I love visiting markets to get a sense, a hold of the pulse of a community and its diversity. When I visited Surquillo market near my house, out of convenience on a Saturday afternoon, I found it conveniently stocked with all sorts of fruits and fresh produce from different parts of Peru, a good part of which cannot be found outside of the country.
Author: Michelle Lai
Michelle loves her food - street food, exotic foods, you name it. Aside from cooking and experimenting with new ingredients, she is also interested in how food and the habits of having meals are closely intertwined with culture, tradition, memory, and identity. Otherwise, while she's not doing any of the above, she would be making art and hitting the books.
(Credits: Ed Stocker)
More backpacker tales: my South American adventures led me across the Peruvian border to Bolivia, where C and I sought out Gustu, tucked in the high altiplano of La Paz. We arrived in La Paz, giddy with altitude sickness, running on a tight schedule to explore La Paz; We made it to Gustu on a quiet weekday afternoon, a building with simple gray aesthetics, tucked in the residential district of Calacoto.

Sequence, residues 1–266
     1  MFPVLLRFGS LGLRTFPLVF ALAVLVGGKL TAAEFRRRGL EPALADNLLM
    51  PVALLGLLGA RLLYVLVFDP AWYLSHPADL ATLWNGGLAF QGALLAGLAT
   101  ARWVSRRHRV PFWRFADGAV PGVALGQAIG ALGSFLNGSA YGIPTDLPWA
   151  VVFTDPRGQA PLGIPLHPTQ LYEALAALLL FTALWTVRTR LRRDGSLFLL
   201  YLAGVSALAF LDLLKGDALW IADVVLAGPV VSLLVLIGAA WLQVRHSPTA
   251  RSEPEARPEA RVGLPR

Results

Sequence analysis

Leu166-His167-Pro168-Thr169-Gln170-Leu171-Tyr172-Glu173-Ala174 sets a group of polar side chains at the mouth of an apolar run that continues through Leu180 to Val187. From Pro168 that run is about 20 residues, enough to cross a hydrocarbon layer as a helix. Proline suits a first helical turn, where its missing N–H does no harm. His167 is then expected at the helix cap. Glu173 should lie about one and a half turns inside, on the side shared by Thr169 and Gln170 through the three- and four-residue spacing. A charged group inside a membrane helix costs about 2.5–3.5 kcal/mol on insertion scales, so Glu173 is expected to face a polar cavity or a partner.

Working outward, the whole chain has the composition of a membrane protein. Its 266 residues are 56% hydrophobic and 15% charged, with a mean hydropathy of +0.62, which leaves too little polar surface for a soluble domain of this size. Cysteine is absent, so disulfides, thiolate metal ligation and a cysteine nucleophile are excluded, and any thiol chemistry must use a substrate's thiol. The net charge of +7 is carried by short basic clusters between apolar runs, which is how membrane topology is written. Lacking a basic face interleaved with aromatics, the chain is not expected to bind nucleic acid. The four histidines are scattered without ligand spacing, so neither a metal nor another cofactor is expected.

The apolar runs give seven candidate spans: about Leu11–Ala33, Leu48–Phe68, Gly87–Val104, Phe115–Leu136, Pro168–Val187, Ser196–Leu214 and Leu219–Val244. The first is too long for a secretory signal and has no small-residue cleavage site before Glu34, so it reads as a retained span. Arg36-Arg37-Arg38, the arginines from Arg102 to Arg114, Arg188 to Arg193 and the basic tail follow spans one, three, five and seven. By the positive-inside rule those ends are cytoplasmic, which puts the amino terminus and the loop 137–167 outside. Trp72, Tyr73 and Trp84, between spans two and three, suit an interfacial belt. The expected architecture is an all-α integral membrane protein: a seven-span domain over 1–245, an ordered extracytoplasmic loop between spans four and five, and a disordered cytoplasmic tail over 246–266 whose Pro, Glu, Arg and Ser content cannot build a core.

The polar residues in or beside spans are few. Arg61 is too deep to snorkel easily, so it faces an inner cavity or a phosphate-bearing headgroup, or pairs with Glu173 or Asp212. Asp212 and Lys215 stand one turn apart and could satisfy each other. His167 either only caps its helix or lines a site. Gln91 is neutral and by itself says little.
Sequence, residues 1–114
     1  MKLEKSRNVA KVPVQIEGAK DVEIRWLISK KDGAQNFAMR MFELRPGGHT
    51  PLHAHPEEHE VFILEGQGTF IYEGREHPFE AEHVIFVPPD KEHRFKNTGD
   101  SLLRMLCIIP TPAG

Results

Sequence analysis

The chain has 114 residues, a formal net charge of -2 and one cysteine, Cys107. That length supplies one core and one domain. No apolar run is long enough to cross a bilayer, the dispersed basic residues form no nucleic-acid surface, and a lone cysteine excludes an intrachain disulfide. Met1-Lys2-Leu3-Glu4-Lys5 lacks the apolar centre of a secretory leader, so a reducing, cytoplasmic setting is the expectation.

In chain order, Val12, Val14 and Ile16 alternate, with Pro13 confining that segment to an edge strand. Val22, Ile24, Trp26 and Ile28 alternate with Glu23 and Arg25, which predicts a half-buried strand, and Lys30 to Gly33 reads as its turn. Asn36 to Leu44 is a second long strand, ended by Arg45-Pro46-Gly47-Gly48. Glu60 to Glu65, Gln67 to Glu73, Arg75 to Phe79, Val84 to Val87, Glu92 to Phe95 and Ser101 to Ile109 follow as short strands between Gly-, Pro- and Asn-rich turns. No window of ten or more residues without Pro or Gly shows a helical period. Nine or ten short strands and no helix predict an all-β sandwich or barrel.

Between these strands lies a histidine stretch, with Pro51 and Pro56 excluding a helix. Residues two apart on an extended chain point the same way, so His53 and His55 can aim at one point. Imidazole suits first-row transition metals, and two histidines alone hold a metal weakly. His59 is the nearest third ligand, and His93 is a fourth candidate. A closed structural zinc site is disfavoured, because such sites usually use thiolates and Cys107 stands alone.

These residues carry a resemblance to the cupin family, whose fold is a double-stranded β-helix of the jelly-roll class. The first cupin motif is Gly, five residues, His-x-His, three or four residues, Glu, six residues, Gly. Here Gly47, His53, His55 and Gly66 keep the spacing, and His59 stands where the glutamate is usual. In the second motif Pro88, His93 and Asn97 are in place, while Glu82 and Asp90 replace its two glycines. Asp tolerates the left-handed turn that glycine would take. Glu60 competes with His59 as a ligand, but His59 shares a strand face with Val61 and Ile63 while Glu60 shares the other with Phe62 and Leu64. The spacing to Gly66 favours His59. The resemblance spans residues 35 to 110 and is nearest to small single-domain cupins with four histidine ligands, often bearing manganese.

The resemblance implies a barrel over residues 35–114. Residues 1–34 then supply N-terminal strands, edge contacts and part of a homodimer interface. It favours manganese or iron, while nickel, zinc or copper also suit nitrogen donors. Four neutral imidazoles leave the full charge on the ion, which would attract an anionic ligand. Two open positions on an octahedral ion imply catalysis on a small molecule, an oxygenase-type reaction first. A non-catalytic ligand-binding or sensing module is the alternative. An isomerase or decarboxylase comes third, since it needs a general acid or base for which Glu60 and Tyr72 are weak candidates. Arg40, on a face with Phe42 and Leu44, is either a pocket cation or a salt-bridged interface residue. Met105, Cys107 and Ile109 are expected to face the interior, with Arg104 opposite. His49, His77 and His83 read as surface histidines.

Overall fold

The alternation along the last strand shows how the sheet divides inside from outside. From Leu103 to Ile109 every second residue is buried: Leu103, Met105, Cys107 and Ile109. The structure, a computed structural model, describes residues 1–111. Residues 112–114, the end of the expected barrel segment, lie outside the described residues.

Pisco is the renowned , celebrated brandy in Peru. I remember it as smooth, slightly smoky, and fragrant with the zing of young grapes. That Chile also lays claims to Peruvians’ beloved national drink as well, adds a political dimension that for the political scientist in me, is irresistible. But what I love about Pisco is how complex an aroma it carries. All at the same time, it manages to be mellow, light, and fragrant.
To those familiar with the cuisine found in the South East Asian jungle, Amazonian cuisine may, or may not come as a surprise. It comprises similar preparation methods and ingredients, including grilled bananas, meats and seafoods. I had just come back from Tarapoto, a city in the San Martin region, and had sampled popular dishes such as tacacho, and patarascha, which involved the grilling of meats and seafoods on heliconia leaves.